This is a tremendous
package. 'Package' in the sense that it combines intelligent
documentary with a valuable performance of Stockhausen's Gruppen.
Daniel Harding and John Carewe are the guest conductors.
'After the Wake', examines music's reactions to the Second
World War, from Richard Strauss' warmly autumnal Vier letzte
Lieder through Schoenberg's Survivor from Warsaw to
Stravinsky's acerbic ballet Agon through to the Stockhausen.
There is no doubting Rattle's enthusiasm for his subject -
his knowledge should surely almost be taken for granted! I
remain uncertain as to whether he is the most natural guide,
though. His delivery is rather studied, but this should be
balanced against the sheer number of relevant musical excerpts
provided and, indeed, the touching, sometimes harrowing black-and-white
footage that is used to illustrate the War's insanities: bombed
cities, lines of people walking aimlessly, dejectedly.
from Warsaw is possibly the single one of his works that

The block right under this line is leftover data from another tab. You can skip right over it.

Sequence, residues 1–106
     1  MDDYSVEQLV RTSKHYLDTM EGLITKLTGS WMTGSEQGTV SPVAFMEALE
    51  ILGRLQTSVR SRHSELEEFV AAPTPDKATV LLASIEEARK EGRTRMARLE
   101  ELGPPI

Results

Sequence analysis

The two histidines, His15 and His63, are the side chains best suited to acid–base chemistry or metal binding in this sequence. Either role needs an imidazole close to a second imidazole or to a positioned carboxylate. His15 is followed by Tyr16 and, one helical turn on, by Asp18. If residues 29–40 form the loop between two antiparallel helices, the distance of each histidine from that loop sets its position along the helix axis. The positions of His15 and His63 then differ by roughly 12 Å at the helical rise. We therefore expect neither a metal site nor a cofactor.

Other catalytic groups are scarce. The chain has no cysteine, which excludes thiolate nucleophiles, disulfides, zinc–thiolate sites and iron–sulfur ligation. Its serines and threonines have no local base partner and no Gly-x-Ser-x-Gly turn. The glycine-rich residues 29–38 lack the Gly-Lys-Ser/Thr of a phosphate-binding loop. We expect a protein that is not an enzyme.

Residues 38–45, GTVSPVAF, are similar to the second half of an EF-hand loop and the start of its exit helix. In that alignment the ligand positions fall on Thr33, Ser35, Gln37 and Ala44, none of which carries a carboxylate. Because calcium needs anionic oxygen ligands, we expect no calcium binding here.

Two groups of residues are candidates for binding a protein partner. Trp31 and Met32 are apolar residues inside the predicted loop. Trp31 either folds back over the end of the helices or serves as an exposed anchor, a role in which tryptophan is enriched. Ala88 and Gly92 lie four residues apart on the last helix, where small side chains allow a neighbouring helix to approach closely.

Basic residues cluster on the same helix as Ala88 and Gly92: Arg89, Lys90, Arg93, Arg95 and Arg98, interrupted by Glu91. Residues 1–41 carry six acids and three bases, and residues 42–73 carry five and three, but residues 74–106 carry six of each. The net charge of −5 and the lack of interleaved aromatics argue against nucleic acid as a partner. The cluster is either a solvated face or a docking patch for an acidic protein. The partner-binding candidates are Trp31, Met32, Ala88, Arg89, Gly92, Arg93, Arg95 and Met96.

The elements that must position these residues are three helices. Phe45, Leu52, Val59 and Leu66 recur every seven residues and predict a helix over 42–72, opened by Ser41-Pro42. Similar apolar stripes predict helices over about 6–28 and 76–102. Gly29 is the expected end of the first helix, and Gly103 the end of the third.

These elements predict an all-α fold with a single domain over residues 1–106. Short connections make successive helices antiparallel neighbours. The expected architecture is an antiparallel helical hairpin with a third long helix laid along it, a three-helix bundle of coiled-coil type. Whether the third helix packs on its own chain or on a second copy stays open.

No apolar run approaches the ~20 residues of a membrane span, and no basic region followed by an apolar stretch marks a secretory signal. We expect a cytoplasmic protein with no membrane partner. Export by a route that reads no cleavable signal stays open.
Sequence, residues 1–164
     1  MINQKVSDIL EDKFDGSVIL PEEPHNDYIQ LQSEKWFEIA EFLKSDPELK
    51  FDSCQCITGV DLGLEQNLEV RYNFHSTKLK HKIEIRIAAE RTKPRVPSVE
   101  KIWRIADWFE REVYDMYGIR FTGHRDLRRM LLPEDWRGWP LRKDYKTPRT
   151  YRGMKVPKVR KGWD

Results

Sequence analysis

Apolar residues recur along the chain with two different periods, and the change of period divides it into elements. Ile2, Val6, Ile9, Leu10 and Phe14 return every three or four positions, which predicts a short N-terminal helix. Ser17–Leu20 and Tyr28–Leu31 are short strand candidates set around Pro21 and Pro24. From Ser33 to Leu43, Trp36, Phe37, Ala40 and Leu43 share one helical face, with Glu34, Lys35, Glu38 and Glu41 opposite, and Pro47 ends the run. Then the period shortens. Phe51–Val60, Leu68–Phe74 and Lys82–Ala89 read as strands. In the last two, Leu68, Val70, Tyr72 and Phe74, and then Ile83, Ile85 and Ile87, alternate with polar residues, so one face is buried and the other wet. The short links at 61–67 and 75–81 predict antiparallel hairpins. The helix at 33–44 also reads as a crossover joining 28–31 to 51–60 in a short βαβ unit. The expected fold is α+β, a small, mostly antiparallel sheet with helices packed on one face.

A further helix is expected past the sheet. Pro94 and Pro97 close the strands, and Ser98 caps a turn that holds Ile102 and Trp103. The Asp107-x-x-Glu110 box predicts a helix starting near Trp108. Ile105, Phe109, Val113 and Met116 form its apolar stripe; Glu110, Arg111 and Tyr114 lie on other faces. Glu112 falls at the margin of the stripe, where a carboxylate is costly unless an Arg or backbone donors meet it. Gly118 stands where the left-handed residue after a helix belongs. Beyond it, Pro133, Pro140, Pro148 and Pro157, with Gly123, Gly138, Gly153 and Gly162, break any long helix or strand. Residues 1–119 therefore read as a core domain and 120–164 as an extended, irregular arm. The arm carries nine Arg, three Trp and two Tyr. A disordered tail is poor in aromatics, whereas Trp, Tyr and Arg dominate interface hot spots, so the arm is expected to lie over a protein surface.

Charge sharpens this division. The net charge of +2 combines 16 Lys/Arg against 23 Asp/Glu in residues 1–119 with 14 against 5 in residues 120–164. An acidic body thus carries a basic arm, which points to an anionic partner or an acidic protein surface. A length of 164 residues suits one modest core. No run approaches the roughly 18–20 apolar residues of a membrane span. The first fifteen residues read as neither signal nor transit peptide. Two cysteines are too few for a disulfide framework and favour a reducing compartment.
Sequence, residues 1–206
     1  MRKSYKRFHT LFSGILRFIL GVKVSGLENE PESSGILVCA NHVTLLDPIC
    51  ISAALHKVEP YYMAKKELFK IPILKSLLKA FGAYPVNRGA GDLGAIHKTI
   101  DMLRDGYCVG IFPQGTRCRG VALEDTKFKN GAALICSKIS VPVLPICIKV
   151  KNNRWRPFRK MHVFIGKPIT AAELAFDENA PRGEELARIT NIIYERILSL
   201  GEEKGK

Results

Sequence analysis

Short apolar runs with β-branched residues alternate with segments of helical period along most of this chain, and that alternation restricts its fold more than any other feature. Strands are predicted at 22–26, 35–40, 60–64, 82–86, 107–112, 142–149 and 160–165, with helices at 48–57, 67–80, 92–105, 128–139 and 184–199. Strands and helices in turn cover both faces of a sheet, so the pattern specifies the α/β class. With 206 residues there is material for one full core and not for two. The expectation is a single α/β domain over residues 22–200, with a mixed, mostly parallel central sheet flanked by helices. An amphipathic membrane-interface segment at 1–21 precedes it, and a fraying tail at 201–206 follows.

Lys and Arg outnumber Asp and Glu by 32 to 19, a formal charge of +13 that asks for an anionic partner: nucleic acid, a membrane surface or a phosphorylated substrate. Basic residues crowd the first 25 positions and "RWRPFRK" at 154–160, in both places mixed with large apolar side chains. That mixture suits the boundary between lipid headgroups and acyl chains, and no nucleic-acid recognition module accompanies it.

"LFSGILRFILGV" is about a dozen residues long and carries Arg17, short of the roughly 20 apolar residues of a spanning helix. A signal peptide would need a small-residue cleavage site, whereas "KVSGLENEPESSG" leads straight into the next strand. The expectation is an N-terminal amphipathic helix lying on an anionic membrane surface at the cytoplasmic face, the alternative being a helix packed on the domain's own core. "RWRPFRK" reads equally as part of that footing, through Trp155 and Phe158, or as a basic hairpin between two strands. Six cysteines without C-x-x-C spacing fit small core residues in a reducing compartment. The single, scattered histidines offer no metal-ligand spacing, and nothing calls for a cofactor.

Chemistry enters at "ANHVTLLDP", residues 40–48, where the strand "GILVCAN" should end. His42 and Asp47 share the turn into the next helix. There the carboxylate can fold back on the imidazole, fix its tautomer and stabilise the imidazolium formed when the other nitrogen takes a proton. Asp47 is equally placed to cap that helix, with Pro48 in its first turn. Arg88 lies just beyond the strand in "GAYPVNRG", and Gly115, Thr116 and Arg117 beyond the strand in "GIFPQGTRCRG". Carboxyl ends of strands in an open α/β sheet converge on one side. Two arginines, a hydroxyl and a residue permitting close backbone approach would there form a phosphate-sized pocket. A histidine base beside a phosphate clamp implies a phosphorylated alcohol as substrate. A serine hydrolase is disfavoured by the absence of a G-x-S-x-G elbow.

speaks absolutely straight to the heart. Rattle's performance
pulls no punches. And then historically, as Rattle puts it,
'suddenly, complexity was king' ... and how! What with the
integral serialism of Boulez and his Structures, plus
the experiments of Stockhausen. At the head of all this,
of course, was Olivier Messiaen, teaching from his composition
class in Paris, where the remit was to relearn how to listen.
Boulez's Marteau and Stockhausen's Gruppen are
held as representative. Rattle admits of the latter that
he does not understand all of it but likes the way it sounds!
From there to Britten's Serenade
for Tenor, Horn and Strings is something of a quantum
leap, while Stravinsky provides a “Pocket-Sized History of
Music”. Agon seems to fit this description perfectly,
with its come-and-go use of serialism.
But it is the performance
of Gruppen that makes the purchase of this DVD worthwhile.
If in the last analysis it lacks the sheer confident punch
of Abbado's classic DG recording (Berliner Philharmoniker on
447 761-2, coupled with Kurtag's Stele and Grabstein
für Stephan), this DVD remains a refreshingly original
For reviews of other volumes in this series,
1 - Kevin Sutton and Volumes 4 &
5 - Tony Haywood